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Fascination: Stories

Fascination: Stories

Author:William Boyd
Release Date:2005

By Nicole Leistikow | Posted 2/2/2005

“Fascination” implies enchantment, an irrational obsession that dissipates after a spell has been lifted. It’s an appropriate title for writing that immediately captivates but somehow disappoints in the aftermath. Perhaps I’m just confusing cause and effect. These short stories by William Boyd are, after all, about disappointment itself.

A Scottish expatriate born in Ghana and educated in France and Britain, Boyd often creates characters unhappy at home. In these stories, men (his protagonists are only occasionally women) typically face a love/lust conundrum; they become distraught when they can’t have the woman they only met five minutes ago, and are unappreciative of a steady wifey. One such character is Alexander Rief of “A Haunting,” who, it’s suggested, actually becomes possessed by the spirit of a frustrated 19th-century scientist with a taste for blue-collar wenches. Rief’s career and marriage dissolve when he begins uncontrollably chasing after barmaids. Despite Rief’s historical research exposing his poltergeist, he’s merely a jerk going through a midlife crisis.

Academic or professional slackers searching for greener grass and never finding it, Boyd’s men are relentlessly hopeful and frequently left in the lurch by their own immature desires. While it’s hard to identify with what drives them (seemingly nothing more than a pair of nice legs), the details of their dissipation are done well. In “Adult Video,” after a one-night stand there is a “pongy, spermy, sweaty, tangled-sheets sort of exudation filling the hallway like tear gas,” and, despite your disgust in the hero who immediately proposes to the girlfriend he has cheated on and doesn’t seem to like, you have to pause to admire the description. One caveat: The word “refulgent” makes too many appearances; moments of radiance are necessary to illustrate disenchantment, but the pattern can become pat.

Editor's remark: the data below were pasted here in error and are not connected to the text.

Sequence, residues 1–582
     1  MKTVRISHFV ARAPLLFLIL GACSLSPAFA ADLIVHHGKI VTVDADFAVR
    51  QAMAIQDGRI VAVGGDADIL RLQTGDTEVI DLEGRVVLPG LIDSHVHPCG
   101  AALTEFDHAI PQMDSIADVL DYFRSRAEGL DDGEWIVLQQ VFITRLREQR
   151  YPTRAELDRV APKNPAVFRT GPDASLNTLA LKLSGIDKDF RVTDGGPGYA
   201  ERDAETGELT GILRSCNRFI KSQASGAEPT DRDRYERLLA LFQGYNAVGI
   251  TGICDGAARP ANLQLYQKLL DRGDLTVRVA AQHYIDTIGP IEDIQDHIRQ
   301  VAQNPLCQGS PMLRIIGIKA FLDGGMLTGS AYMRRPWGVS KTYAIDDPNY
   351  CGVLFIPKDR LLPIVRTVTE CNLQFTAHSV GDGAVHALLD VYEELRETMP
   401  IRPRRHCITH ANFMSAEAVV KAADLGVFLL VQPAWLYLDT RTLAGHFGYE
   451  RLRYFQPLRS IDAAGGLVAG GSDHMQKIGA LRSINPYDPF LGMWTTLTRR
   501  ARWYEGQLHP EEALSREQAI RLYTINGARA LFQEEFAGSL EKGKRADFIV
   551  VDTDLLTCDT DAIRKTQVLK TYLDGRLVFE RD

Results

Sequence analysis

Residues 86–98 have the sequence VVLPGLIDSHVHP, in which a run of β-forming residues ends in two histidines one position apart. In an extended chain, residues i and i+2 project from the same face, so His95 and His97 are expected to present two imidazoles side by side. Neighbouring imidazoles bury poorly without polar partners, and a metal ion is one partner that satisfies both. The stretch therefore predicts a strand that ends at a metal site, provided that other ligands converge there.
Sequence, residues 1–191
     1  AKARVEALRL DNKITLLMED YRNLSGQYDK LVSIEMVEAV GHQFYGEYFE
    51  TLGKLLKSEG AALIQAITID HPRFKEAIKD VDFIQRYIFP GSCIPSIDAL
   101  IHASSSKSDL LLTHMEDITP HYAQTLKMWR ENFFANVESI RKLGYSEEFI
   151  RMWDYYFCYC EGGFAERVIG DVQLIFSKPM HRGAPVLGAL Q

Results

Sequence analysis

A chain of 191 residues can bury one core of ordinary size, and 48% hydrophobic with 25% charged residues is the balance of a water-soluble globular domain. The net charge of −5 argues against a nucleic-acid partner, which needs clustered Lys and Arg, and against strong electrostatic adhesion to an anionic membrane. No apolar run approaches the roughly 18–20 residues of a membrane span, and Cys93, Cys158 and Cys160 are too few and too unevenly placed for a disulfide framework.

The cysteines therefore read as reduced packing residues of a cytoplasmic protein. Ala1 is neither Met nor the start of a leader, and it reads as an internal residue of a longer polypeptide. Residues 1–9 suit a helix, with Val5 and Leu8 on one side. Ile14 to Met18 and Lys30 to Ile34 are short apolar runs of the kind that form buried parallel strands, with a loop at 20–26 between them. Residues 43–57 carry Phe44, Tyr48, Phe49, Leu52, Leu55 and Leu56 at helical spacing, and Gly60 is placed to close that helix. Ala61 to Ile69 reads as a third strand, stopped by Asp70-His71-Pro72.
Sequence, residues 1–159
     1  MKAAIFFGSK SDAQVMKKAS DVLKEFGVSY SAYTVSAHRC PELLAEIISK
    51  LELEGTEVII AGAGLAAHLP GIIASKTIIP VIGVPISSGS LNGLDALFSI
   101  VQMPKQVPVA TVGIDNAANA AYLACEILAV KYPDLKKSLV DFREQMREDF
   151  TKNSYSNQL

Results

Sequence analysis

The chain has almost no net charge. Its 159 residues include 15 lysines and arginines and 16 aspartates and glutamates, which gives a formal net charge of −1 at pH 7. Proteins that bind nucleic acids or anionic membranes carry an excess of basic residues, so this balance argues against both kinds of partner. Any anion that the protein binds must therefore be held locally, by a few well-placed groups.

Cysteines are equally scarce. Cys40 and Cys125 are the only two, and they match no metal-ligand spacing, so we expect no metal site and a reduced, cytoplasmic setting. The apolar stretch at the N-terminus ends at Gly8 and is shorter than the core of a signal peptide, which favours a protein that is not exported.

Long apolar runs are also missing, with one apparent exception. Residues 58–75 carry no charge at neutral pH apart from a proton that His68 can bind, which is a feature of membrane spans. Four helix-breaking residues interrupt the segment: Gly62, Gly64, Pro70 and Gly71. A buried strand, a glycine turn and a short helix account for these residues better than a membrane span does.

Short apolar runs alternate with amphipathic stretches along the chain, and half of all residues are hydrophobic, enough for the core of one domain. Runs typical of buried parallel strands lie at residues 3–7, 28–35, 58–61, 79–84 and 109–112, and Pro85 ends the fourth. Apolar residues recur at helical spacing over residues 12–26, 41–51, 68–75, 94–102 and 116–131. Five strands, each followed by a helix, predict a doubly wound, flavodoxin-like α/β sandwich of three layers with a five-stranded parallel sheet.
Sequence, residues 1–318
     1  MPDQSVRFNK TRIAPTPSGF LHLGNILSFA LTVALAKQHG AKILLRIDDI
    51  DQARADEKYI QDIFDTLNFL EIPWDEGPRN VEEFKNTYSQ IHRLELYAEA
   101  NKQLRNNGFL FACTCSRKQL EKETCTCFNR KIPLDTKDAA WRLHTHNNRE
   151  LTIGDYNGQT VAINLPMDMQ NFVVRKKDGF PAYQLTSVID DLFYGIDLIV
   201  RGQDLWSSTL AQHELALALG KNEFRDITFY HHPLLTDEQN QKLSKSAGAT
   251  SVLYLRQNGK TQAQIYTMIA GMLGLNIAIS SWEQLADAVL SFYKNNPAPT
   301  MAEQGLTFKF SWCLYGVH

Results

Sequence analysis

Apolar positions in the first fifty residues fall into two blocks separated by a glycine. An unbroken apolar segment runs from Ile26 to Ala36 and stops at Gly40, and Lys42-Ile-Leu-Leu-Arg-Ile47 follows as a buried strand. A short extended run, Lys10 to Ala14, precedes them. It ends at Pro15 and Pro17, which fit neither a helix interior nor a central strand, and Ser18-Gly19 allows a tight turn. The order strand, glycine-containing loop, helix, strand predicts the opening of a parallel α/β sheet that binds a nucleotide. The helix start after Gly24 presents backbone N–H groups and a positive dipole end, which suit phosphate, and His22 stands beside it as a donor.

Character-wise, things become more interesting when the author departs from his standard persona. In “Beulah Berlin, an A-Z,” a foot photographer reminisces about her life, each section flowing so seamlessly into the next that you barely notice their alphabetic order. In “Varengeville,” we see an adulterous affair from the viewpoint of the young but knowing son sent on a bicycle to occupy himself in town while the lovers play. In “The Mind/Body Problem,” an asthmatic 19-year-old runs his steroid-pumping parents’ gym while they are away, striking back at mindless body worship by selling fake illegal performance-enhancing drugs at extravagant prices. Boyd shows he can play more than just the self-involved cad, and that’s when he is at his most charming.

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